Two Grim Burma Studies

Two detailed studies of Burma's economic health paint a grim picture on the eve of promised parliamentary elections later this year.

The first, by a US Congress-funded think tank called the United States Institute of Peace, says the country is suffering from "misguided economic policies" which have "deprived the economy of the basic foundations for sustainable improvements." Most of the data published by the military regime is unreliable or simply a fiction, the study says. The other, from Australia, warns that Burma's economy is being pillaged by the military regime and its business cronies and is "unbalanced, unstable and largely without the institutions and attributes necessary to achieve transformational growth."

Policy making in Burma is "not just ill-conducive to sustained economic growth, but is actively destructive of Burma's prospects," says the Australian report, "Dissecting the Data: Burma's Macroeconomy at the Cusp of the 2010 Elections." The document was compiled by long-time Burma watcher and economist Sean Turnell of Macquarie University in Sydney.

Turnell said there is evidence that per capita GDP in Burma, already one of the lowest in the world, is actually declining. His report finds that basic elements necessary for economic health and development remain missing in Burma—including lack of protection for private property, lack of business freedom, dysfunctional infrastructure and irrational and inconsistent policy making.

The US study—"The Economy of Burma on the Eve of the 2010 Elections" —was written by Lex Rieffel, who has worked with the US Agency for International Development for 30 years. It makes equally depressing reading, even as it offers a few glimmers of hope.

"Burma's official gross domestic product (GDP) figures for the past 10 years put the average rate of GDP growth well above China's, which cannot be true," Rieffel wrote. "Even the range of estimates of Burma's population—between 48 million and 58 million—is unusually broad because the last census meeting international standards was carried out in the 1930s."

Insurgencies by ethnic minorities since independence and sanctions imposed by the US and other Western countries since 1990 are not the main reasons for the poor performance of Burma's economy, the study said. "Instead, misguided economic policies, compounded by extraordinary neglect of the education and health sectors, have deprived the economy of the basic foundations for sustainable improvements in living standards."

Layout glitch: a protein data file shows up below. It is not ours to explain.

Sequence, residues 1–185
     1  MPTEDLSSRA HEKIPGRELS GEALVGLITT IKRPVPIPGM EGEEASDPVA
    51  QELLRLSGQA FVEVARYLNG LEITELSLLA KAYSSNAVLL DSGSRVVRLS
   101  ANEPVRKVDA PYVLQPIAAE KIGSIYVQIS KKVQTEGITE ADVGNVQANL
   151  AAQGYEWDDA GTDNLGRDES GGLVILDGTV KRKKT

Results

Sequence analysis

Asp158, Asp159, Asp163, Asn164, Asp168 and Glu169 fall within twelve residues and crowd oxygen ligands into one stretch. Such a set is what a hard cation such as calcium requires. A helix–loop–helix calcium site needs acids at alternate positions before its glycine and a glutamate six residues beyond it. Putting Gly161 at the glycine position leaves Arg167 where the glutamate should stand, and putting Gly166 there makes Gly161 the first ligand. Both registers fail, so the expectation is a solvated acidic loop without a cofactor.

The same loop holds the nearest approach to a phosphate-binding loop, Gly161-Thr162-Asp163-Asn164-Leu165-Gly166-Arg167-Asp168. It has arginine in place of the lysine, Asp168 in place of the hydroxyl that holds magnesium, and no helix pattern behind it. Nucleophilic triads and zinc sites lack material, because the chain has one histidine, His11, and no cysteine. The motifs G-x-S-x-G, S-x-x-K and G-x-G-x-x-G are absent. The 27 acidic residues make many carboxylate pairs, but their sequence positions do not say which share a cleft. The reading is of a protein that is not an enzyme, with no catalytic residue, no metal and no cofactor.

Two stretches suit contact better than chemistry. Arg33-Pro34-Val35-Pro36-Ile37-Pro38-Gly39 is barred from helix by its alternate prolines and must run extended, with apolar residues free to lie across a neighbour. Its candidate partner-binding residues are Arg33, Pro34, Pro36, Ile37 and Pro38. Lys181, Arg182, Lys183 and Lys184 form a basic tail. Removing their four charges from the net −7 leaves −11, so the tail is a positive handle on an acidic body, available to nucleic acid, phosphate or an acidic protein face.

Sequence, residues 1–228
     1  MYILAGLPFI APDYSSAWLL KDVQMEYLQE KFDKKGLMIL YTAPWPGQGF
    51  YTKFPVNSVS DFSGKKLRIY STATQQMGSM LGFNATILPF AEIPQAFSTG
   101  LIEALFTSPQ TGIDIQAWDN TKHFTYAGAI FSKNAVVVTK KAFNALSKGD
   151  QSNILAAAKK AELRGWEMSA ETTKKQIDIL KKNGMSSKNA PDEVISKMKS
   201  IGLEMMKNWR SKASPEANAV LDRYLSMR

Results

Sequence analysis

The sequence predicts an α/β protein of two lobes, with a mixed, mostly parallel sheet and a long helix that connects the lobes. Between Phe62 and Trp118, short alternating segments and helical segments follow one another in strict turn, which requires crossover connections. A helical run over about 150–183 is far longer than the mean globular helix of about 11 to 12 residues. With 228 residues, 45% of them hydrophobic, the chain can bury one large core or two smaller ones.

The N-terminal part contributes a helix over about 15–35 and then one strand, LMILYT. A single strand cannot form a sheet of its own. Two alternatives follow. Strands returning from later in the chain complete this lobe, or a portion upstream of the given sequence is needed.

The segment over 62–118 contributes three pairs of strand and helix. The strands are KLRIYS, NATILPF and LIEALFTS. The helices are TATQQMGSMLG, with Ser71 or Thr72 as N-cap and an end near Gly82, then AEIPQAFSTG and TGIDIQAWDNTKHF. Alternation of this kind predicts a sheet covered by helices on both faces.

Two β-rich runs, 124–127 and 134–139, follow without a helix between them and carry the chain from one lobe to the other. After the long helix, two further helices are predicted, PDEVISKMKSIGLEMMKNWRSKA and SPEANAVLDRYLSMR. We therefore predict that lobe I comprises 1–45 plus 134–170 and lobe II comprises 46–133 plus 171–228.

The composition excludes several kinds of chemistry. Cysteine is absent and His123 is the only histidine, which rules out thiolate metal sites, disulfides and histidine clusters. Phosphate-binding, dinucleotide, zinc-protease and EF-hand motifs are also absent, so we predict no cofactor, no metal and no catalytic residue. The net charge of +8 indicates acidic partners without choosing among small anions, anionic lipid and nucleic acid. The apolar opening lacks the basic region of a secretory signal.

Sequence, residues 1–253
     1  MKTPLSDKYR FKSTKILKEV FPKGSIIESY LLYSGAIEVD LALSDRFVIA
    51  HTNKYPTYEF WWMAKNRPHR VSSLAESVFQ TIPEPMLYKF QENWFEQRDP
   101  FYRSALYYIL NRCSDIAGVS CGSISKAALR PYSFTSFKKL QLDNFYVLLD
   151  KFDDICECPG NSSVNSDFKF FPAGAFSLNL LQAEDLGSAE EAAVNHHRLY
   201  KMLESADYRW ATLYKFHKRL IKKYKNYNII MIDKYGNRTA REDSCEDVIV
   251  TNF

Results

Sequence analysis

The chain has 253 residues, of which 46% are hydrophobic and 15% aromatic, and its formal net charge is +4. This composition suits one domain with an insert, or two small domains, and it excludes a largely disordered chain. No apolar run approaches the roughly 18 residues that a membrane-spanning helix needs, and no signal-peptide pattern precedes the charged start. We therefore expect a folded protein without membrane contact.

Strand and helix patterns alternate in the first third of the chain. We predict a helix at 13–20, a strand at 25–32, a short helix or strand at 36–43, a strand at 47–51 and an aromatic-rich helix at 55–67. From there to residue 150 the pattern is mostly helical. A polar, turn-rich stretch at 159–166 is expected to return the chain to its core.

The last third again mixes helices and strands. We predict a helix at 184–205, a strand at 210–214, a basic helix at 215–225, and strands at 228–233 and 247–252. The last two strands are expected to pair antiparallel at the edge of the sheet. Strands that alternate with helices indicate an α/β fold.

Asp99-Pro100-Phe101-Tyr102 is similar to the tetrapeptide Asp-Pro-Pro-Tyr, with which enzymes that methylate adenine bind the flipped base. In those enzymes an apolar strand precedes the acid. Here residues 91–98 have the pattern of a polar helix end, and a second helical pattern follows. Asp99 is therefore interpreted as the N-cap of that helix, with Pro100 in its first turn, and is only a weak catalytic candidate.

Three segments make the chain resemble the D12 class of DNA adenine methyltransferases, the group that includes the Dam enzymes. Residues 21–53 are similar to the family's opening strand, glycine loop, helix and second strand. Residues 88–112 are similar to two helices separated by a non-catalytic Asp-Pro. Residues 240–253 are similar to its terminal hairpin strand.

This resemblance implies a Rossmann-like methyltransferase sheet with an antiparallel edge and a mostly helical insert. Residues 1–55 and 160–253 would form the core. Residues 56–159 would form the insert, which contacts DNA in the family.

Both Rieffel and Turnell are sharply critical of the involvement of Burma's military and its crony business friends in all corners of commerce.

"The country's financial sector is dysfunctional. The private sector has insufficient credit to grow because the central bank provides so much credit to the central government. The banking system is dominated by state-owned banks that lend primarily to relatives and cronies of regime leaders as well as state-owned enterprises," Rieffel wrote.

"To support an estimated 400,000 personnel, almost 30 percent of the national budget is allocated to the country's armed forces, which substantially understates the resources devoted to the military because it does not include large amounts of money generated by a vast array of legal and illegal businesses."

Export earnings from Burma's growing energy sector will double in the next five years, Rieffel suggests, largely because of the gas and oil transit pipelines now being built through the country into China. This could mean annual earnings from gas, oil and other energy of more than US$6 billion, he says. That calculation is based on energy exports, mostly gas, accounting for at least 45 percent of the earnings declared for 2008.

However, international human rights groups have said most of the income from energy sales is stolen by regime leaders and squirreled away in foreign banks.

Rieffel praises The Association for Southeast Asian Nations for trying to make Burma a more responsible member of the 10-country economic club, while noting that the Burmese government "has been the most obstructionist member" as Asean seeks to become a more inclusive community by 2015.

"If the next [Burma] government takes steps to promote stability through a more inclusive political process, it would be especially important for Western democracies and multilateral agencies to lift the existing constraints on aid," Reiffel said.

Western democracies are more likely to improve outcomes if they follow the lead of the Asian countries that are directly affected by the problems in Burma instead of trying to persuade them to buy into a Western-flavored strategy."

Turnell's study paints a grimmer picture of a Mafia-like regime even as it talks about national reconciliation sells off state assets and enterprises— almost 300 to date—to cronies and one another on the pretext of a privatization program.

"The 2010, elections notwithstanding, meaningful economic reform in Burma is, regrettably, neither in progress, nor in prospect," said Turnell who also produces the Burma Economic Watch news bulletin.

This originally appeared in The Irrawaddy, with which Asia Sentinel has a content-sharing agreement.